Toxicology tests and other evidence have revealed that former Steelers lineman Terry Long committed suicide by drinking antifreeze, but the Allegheny County medical examiner's office also found that head trauma suffered during Mr. Long's eight-year career in the National Football League contributed to his death.
Mr. Long's death June 7 had been ruled accidental. But after further tests revealed the presence of antifreeze in Mr. Long's system, the manner of death was changed to suicide.
Dr. Bennet Omalu, a neuropathologist at the office, took things a step further, arguing that Mr. Long's head injuries as a football player set the stage for depression severe enough to make him suicidal.
"People with chronic encephalopathy suffer from depression. The major depressive disorder may manifest as suicide attempts. Terry Long committed suicide due to the chronic traumatic encephalopathy due to his long-term play," Dr. Omalu said yesterday. He later added, "The NFL has been in denial."
At odds with Dr. Omalu's conclusion was Dr. Joseph Maroon, the Steelers' neurosurgeon for the past 24 years and an expert on concussions.
"I think it's fallacious reasoning, and I don't think it's plausible at all," Dr. Maroon said yesterday. "To go back and say that he was depressed from playing in the NFL and that led to his death 14 years later, I think is purely speculative."
Mr. Long, 45, died five hours after being found unconscious in his Franklin Park home. The cause of death was inflammation of the lining of the brain and brain swelling as a result of ingesting antifreeze, the death certificate said.
A contributing cause was chronic traumatic encephalopathy -- or "getting smacked in the head over and over again," said Joseph Dominick, chief of operations at the medical examiner's office. The condition is known as punch drunk.
"The trauma, according to the death certificate, was a result of his injuries during his tenure as a football player," Mr. Dominick said yesterday. "I think it is the same as what was on Mike Webster's death certificate."
Mr. Webster, a Hall-of-Fame Steelers center who died in 2002, suffered from a similar disorder.
Mr. Webster's family, alleging that he suffered football-related head injuries that led to his declining health, was awarded disability benefits last year after suing the NFL pension fund.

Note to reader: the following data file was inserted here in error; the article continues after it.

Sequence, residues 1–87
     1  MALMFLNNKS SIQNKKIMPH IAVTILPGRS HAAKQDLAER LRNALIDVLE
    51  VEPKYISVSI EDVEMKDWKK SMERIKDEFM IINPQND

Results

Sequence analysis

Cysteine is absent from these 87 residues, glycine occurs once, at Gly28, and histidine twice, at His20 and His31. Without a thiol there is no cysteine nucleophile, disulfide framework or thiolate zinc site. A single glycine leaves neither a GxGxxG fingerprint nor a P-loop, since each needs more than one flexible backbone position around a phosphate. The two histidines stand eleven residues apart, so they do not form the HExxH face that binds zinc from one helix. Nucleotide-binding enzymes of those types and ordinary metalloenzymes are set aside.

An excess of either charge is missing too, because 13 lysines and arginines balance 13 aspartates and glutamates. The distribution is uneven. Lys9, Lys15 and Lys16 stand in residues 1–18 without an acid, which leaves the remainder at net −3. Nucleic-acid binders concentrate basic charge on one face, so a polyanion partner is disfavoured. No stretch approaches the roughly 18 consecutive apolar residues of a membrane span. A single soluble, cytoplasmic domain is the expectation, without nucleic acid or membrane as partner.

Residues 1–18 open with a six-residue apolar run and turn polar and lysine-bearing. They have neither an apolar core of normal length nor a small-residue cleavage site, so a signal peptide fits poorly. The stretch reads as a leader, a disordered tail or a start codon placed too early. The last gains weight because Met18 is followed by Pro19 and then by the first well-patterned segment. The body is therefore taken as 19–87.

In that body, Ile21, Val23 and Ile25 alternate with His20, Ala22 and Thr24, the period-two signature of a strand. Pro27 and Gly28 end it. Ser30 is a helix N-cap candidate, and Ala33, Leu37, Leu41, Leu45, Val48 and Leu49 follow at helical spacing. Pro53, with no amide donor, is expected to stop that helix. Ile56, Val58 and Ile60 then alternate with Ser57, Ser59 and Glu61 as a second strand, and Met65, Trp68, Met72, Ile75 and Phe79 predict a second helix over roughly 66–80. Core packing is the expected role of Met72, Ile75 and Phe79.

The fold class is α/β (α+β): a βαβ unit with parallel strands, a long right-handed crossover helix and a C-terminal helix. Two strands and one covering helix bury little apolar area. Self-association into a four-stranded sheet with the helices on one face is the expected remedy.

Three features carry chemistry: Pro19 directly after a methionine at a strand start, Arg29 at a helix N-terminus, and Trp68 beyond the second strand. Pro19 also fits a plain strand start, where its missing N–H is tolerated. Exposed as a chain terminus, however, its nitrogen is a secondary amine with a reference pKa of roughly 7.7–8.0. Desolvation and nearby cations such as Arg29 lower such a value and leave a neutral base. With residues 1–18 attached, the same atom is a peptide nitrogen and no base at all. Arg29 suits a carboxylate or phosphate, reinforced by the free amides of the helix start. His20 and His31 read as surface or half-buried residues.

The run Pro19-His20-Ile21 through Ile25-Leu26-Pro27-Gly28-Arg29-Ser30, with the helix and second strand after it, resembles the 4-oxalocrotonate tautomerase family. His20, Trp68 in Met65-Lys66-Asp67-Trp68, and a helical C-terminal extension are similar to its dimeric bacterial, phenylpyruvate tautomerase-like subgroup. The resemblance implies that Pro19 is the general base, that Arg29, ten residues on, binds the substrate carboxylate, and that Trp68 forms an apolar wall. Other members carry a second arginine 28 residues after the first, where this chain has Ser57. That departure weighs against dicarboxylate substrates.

Dr. Omalu, who co-authored a paper on Mr. Webster's injuries last year in the scientific journal Neurosurgery, has submitted a second paper for peer review that compares the cases of Mr. Webster and Mr. Long.
In an interview, Dr. Omalu described a "cascade" of events that began with football-related injuries and ended in suicide.
People with Mr. Long's disease, Dr. Omalu said, are beset by depression, short-term memory problems and a "loss of executive function," which manifests itself in poor business decisions.
Three months before he died, Mr. Long was indicted by a federal grand jury on charges that he fraudulently obtained $1.2 million in state loans for his company, Value Added Food Groups, a chicken-processing plant on the North Side.
The two-story, 30-employee business was extensively burned in a fire that federal authorities say was arson and for which Mr. Long filed an insurance claim.
Mr. Long filed for protection under federal bankruptcy laws in March on the same day he was indicted on federal charges of arson and mail fraud. Authorities in Kansas City, Mo., also held a warrant for Mr. Long on a felony charge of writing bad checks.
Last year, Dr. Maroon publicly disagreed with former coroner Dr. Cyril H. Wecht, who linked Mr. Long's death with his football days. Dr. Wecht is a co-author on Dr. Omalu's papers.
Dr. Maroon, who is also vice chairman of the neurosurgery department at the University of Pittsburgh Medical Center, said it was impossible to tell whether Mr. Long suffered head injuries outside of two documented instances.
Mr. Long had a concussion in 1987 after colliding with an opposing player and another in 1990 from an auto accident. He played football from 1984-91.
"They really don't know of any head injuries that Terry Long may have experienced before, during or after his football playing that was unrelated to football, and I think that's a critical point," Dr. Maroon said.
"He could have had a head injury that wasn't reported before football. He could have had a fight, he could have had a head injury ... And that's why I'm saying it's so speculative," Dr. Maroon said.
The medical examiner's office last June issued an initial death certificate listing the cause and manner of death as pending. Three months later, a second certificate called his death accidental.
It was not until testing at an outside laboratory on Mr. Long's tissues and urine yielded positive results in October for ethylene glycol -- the active ingredient in antifreeze -- that a third and final death certificate was issued Oct. 19. The manner was suicide.
Jonathan D. Silver can be reached at email@example.com or 412-263-1962.